Kane of Old Mars – a very pulpy trilogy that is also a very obvious homage to Edgar Rice Burroughs. Fun if you like that sort of thing, but not much to do with the EC.

The Dancers at the End of Time – one of Moorcock’s better series, though also very unrelated to the EC. It’s about decadent immortals at the end of time, and features some of his best writing. (It’s light-hearted and fun, too.)

Elric: The Stealer of Souls – the rest of the Elric novels as of the early '90s. It has Stormbringer in it, the best of those novels and also the book in which Elric kicks the bucket.

Corum: The Prince With the Silver Hand – another trilogy about Corum, in which he wanders off to another world and has to save it, too. Fun but a bit fomulaic, though still miles above Hawkmoon.

Legends from the End of Time – collects two books related to Dancers – one weird novel and a collection of good short stories. Well worth checking out if you liked Dancers.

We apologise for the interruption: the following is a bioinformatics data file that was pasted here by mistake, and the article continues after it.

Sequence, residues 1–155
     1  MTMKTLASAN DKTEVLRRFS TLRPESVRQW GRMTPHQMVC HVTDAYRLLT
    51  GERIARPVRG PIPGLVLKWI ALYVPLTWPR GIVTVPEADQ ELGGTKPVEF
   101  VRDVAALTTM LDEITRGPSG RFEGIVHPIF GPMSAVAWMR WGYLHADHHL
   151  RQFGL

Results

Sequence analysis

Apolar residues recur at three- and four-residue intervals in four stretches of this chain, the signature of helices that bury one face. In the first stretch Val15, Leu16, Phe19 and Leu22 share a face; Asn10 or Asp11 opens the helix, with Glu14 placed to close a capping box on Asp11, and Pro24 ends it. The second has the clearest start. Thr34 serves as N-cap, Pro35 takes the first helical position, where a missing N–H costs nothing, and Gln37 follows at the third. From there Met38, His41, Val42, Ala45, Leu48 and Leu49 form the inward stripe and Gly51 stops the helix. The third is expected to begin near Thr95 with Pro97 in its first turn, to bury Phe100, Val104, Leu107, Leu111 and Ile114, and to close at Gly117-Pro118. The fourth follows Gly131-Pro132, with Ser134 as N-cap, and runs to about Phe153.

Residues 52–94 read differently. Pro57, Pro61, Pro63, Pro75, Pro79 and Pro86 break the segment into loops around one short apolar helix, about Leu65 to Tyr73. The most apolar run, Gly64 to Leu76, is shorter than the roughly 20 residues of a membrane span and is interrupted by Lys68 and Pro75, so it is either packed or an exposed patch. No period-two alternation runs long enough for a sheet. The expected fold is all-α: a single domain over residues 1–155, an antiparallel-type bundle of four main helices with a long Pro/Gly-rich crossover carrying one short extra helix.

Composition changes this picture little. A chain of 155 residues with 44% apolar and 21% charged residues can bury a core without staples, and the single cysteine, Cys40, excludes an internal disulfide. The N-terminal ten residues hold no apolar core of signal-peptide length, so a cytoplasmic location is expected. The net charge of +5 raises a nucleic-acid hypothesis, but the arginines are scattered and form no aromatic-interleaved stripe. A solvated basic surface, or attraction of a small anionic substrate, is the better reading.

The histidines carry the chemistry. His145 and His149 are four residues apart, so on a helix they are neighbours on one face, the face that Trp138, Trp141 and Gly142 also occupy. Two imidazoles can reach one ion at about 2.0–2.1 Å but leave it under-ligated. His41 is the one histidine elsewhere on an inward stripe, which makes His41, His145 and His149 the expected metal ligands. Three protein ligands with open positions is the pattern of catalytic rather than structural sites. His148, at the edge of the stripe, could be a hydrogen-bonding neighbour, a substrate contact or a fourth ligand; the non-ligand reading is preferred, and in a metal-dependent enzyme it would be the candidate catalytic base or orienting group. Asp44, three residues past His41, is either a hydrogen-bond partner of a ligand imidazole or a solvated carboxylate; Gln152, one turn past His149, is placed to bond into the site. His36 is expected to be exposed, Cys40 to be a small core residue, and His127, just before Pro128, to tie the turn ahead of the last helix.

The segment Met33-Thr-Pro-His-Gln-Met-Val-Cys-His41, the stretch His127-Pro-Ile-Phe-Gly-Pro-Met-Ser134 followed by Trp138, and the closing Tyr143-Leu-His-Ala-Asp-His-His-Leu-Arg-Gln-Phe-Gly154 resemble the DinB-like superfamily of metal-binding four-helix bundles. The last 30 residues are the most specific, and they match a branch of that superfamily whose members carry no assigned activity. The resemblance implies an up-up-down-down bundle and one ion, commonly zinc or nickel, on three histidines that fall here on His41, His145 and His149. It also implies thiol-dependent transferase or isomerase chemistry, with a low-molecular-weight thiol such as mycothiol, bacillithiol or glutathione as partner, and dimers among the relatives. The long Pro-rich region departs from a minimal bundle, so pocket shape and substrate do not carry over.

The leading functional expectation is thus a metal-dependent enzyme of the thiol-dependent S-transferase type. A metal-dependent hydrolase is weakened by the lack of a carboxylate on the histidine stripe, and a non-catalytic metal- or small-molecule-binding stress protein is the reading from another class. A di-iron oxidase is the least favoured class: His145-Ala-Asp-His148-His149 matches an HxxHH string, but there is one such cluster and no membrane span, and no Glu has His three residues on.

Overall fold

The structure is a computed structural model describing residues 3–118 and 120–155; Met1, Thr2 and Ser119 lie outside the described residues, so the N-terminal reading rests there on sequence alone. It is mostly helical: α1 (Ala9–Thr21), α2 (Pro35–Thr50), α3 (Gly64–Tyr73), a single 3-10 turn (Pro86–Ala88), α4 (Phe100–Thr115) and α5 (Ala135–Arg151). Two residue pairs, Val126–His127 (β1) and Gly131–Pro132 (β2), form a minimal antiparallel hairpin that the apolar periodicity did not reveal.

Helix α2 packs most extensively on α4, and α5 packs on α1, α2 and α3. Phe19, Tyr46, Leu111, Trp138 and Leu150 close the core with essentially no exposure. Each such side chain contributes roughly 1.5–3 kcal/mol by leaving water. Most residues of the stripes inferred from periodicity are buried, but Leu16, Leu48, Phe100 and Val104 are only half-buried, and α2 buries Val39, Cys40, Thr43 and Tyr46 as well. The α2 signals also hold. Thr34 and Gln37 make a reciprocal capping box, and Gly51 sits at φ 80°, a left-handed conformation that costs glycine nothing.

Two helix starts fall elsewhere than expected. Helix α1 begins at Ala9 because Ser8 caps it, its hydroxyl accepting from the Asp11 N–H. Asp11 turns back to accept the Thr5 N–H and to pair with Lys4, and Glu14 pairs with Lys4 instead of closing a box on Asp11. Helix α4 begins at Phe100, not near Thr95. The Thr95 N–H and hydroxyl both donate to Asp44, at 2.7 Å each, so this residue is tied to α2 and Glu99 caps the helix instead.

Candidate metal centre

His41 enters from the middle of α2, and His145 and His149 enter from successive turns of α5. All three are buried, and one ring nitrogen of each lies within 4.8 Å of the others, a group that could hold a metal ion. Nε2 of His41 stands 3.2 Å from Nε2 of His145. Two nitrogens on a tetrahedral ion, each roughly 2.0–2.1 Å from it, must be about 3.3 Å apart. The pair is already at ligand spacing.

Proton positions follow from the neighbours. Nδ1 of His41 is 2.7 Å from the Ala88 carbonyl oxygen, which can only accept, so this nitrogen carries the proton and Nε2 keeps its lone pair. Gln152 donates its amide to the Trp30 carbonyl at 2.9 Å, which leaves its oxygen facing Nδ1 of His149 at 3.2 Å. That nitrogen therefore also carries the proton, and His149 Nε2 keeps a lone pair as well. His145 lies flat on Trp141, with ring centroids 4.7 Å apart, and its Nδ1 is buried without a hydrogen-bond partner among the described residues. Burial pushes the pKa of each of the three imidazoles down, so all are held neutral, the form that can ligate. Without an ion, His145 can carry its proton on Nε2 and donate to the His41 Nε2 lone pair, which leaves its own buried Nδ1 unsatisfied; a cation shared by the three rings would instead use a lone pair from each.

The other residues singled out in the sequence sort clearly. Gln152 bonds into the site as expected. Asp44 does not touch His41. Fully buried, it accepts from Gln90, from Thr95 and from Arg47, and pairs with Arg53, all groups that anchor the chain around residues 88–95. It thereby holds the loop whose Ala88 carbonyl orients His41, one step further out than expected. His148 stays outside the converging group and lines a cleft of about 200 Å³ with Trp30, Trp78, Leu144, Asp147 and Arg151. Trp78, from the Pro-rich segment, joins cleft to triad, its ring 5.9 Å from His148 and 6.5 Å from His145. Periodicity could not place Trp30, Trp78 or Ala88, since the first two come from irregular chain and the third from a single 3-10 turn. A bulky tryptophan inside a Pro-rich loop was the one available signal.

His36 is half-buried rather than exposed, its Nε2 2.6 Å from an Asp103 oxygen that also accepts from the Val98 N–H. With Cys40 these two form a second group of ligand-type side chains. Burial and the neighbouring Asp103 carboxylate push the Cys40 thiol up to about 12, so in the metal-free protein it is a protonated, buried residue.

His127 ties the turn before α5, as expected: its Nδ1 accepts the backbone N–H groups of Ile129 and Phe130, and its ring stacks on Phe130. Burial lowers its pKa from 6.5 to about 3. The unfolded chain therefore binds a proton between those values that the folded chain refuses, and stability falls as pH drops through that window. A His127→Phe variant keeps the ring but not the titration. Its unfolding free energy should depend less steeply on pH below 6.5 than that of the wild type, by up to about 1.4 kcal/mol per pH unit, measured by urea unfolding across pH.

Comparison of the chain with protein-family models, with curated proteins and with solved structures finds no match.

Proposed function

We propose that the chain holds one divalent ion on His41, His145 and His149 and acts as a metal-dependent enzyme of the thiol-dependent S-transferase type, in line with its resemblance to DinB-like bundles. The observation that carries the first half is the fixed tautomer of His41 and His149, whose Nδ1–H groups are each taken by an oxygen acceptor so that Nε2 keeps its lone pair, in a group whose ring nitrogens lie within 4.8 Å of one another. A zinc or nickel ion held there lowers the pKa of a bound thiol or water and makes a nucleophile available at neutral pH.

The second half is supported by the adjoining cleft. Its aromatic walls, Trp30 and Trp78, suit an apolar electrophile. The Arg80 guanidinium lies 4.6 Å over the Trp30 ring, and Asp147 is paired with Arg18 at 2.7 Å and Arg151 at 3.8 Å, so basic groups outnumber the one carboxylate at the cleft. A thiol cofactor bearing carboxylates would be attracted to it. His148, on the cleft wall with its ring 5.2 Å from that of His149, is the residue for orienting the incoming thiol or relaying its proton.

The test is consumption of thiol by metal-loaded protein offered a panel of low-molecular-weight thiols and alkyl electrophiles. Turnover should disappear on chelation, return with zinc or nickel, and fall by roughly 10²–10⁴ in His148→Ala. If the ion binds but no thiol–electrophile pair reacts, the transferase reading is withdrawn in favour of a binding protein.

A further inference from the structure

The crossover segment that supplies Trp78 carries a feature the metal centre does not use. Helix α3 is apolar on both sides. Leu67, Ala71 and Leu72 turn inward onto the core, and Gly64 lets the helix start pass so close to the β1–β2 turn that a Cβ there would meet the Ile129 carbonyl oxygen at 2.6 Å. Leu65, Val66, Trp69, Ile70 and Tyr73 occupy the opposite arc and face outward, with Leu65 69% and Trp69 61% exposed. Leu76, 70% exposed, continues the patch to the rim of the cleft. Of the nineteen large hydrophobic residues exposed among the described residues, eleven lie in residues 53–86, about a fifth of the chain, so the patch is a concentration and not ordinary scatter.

Earl Aubec – an unabashed short story collection, without much to do with the EC.

Count Brass – the second Hawkmoon series, which is better than the first.

The UK series also had, somewhere in the middle, The New Nature of the Catastrophe, an anthology of stories edited by Moorcock, all about Moorcock’s anti-hero Jerry Cornelius (who has his own series, mostly in the literary/confusing mode, which intersects the EC mega-series in occasional and tangental ways).

Basically, Moorcock has been trying to tie every single word of fiction that he’s ever written together for the past two decades or so. A few books still roam free, but most of his work is, really or ostensibly, tied together in some way. So, if you find that you like his writing, it can be fun to dive into it and see how random things connect with each other. But if you only like one side of Moorcock (either the unabashed speed-writer of fantasy adventure or the would-be literary lion), it can be tougher to pick out the stuff you’ll like.